Gerard Manley Hopkins
Gerard Manley Hopkins Poems
The world is charged with the grandeur of God.
It will flame out, like shining from shook foil;
It gathers to a greatness, like the ooze of oil
Crushed. Why do men then now not reck his rod?
Generations have trod, have trod, have trod;
And all is seared with trade; bleared, smeared with toil;
And wears man's smudge |&| shares man's smell: the soil
Is bare now, nor can foot feel, being shod.
And for all this, nature is never spent;
There lives the dearest freshness deep down things;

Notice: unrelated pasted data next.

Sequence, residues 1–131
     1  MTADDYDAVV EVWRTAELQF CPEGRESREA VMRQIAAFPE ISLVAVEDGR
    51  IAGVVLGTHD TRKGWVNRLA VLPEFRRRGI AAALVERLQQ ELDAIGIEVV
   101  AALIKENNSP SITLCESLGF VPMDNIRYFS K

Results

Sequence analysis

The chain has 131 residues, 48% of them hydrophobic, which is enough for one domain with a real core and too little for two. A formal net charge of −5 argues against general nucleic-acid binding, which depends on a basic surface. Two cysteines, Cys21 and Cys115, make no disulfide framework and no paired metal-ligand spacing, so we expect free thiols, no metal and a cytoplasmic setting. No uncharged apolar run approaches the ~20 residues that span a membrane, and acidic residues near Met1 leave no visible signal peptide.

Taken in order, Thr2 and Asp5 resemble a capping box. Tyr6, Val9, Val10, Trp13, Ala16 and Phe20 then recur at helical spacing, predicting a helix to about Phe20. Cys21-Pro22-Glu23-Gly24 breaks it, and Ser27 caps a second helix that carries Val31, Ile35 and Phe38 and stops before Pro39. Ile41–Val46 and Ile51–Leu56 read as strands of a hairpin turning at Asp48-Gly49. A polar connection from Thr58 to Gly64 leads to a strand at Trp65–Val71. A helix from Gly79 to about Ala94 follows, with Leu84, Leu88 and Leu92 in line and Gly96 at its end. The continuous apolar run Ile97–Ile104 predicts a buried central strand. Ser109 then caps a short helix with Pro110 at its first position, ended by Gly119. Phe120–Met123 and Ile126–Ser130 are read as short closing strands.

And though the last lights off the black West went
The Lantern Out Of Doors
Sometimes a lantern moves along the night,
That interests our eyes. And who goes there?
I think; where from and bound, I wonder, where,
With, all down darkness wide, his wading light?
Men go by me whom either beauty bright
In mould or mind or what not else makes rare:
They rain against our much-thick and marsh air
Rich beams, till death or distance buys them quite.